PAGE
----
As we predicted, the revised MiFID II rules have backed away from an outright ban on paying for research with client commissions. BUT, and this is a big but, the proposed MiFID II regime has very stringent conditions on the ability to pay for research with client commissions which go further than any regulator has gone so far, including the aggressive UK regulators. If adopted, and chances are good it will be, the research industry will be changed significantly, not only in Europe but globally.
The Revised MiFID II Guidelines
The European Securities and Markets Authority (ESMA), the European regulator whose members are the financial markets regulators in each of the 28 member states, has released revised technical advice on the implementation of the Markets in Financial Instruments Directive (MiFID II). The advice can be found here. The relevant sections for investment research are pages 130 – 134, which are the discussion, and pages 139 – 141, which are the proposed regulatory language.
Even though the majority of respondents to ESMA’s initial Consultation Paper opposed the idea that research is an inducement, ESMA insists that bundling research and execution commissions represents an indirect payment structure which qualifies as an inducement. However, investment firms may continue to use client commissions to pay for research provided they set up a research payment account funded by specific research charges billed to the investment firms’ clients.
The research charges funding the research payment accounts must be based on a research budget set by the investment firm and cannot be linked to the volume and/or value of transactions executed on behalf of the clients.
Under the proposed rules, the investment firm must agree with each client the research charge as budgeted by the firm and the frequency of the research charge. The investment firm may only increase the research budget with the client’s written agreement. If there is a surplus in the research payment account at the end of a period, the surplus should either be rebated or applied to the following period.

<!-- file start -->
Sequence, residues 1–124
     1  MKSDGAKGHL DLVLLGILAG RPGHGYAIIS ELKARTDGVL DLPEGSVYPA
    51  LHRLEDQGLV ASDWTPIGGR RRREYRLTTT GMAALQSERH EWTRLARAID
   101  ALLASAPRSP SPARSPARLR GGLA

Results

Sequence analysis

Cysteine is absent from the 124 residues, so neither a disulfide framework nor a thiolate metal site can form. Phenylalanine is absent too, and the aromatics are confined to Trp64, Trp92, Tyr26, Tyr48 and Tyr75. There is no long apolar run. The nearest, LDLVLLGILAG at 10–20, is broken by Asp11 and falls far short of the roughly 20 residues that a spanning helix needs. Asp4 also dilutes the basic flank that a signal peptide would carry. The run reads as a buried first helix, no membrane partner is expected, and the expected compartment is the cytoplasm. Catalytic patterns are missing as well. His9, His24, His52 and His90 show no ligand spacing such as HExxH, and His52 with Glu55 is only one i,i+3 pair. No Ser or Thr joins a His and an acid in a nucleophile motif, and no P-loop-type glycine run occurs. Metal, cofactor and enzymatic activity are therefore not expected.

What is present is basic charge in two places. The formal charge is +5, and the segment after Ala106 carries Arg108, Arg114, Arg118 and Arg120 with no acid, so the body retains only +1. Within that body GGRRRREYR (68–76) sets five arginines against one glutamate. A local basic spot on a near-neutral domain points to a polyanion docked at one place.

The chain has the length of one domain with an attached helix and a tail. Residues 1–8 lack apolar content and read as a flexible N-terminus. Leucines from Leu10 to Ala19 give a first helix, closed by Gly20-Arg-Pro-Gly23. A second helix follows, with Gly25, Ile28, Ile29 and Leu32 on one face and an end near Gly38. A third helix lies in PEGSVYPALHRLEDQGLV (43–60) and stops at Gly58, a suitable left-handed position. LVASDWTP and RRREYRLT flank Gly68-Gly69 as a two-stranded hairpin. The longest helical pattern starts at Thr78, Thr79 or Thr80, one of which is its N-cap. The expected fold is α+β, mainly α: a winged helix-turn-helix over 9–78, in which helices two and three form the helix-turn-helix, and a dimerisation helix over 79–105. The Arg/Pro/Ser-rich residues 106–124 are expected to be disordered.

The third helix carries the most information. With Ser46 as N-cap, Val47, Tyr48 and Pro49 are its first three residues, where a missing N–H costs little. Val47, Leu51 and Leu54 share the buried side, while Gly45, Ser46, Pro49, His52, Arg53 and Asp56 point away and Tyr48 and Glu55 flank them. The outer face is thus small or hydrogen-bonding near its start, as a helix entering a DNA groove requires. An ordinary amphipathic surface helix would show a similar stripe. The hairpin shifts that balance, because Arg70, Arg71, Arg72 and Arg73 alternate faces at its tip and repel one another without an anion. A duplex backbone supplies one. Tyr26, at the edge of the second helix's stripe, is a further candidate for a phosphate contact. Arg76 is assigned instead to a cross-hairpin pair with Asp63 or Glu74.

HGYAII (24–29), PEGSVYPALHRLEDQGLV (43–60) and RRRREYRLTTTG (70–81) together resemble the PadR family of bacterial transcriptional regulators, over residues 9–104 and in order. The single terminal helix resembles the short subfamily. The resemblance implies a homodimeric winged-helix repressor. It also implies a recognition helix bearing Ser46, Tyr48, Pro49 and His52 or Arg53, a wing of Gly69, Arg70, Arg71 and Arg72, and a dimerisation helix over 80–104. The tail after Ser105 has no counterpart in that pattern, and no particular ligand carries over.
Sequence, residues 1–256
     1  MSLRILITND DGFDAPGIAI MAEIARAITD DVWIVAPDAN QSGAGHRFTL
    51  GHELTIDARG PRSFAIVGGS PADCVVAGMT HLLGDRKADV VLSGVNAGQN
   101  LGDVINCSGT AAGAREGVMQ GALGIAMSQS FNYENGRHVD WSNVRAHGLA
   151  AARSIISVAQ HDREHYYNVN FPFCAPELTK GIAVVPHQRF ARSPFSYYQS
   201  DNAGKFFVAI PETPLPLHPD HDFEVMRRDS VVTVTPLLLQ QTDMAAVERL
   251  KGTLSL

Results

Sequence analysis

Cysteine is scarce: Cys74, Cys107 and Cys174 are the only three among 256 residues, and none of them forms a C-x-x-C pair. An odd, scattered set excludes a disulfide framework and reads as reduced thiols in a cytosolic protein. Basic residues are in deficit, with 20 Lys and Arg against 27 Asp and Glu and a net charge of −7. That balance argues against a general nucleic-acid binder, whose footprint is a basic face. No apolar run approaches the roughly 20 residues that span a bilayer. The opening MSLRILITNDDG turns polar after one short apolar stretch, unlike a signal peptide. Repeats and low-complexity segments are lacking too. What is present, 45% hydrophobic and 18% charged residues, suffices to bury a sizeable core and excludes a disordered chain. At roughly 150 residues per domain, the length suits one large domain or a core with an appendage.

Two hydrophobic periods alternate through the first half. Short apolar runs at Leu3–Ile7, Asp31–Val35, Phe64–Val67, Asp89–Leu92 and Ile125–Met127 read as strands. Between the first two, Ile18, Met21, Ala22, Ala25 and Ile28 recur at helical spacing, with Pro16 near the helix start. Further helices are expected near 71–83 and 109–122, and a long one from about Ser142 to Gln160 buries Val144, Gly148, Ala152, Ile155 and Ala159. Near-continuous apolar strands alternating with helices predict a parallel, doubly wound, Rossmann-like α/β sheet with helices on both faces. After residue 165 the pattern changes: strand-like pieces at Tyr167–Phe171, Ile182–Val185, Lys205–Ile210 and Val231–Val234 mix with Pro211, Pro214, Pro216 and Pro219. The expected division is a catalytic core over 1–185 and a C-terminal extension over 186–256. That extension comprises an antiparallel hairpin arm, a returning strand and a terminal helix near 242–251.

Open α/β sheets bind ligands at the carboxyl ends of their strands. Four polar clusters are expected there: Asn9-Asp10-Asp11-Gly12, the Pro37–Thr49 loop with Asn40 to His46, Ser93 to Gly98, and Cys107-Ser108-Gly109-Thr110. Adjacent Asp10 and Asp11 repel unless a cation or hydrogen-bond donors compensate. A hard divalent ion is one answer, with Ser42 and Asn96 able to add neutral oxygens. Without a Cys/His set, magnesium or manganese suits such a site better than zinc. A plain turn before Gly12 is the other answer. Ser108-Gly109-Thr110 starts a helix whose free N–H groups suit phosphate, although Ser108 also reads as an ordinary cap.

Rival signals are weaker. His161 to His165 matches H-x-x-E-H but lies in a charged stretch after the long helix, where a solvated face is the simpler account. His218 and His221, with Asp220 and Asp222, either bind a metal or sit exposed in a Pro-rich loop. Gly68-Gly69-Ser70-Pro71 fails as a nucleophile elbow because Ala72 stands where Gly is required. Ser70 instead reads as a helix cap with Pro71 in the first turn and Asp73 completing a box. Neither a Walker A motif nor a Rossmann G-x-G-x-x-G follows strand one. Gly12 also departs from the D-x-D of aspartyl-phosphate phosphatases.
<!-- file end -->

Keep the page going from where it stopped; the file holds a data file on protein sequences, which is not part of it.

Research budgets must be managed solely by the investment firm with senior management oversight. The budgets need controls including a clear audit trail of payments made to research providers and how the amounts were determined.
The investment firm should regularly assess the quality of the research purchased based on robust quality criteria and its ability to contribute to better investment decisions. Firms will also need to address the extent to which purchased research benefits clients’ portfolios taking into account the portfolios’ various investment strategies. Research costs need to be allocated as fairly as practical to the various clients’ portfolios. The whole process must be documented in a written policy.
Commission sharing agreements (CSAs), which allow asset managers to pay an executing broker for trade execution while separately allocating a portion of the commission to pay a research provider, will be integral to the proposed MiFID II regime. CSAs will be the primary mechanism for implementing the research payment accounts described in the technical advice.
ESMA states that commission sharing arrangements (CSA’s) have elements that address the conflict of interests between brokers and portfolio managers in respect of research. However, ESMA makes it clear that CSAs alone do not meet the new MiFID II requirements: “The current use of CSA’s by industry still enables amounts charged for research by the investment firm to be determined by the volume of transactions of the investment firm with the executing broker.” Hence the emphasis on budgeting in the technical advice.
ESMA takes a couple of shots at investment banks. First, it says that research pricing should be unbundled, with brokers providing separately identifiable charges for research. However, investment banks are not governed by MiFID II, so the technical advice threatens separate regulation: “Future ESMA guidelines may also be useful in this area.”
ESMA also calls on the European Commission to address the conflicts between investment banking and research, an area where European regulation lags the U.S.
Timeframe and Scope
The revised draft language in the latest ESMA release will be open for comment until March 2, 2015. After that, ESMA will submit its final technical advice for endorsement by the European Commission by January 2016 and the final rules will go into effect from January 3, 2017.
MiFID II applies to investment firms managing separate accounts. ESMA advises the Commission to include the new rules for research payments into UCITS and AIFMD so that the same regulations pertain to managed funds and hedge funds.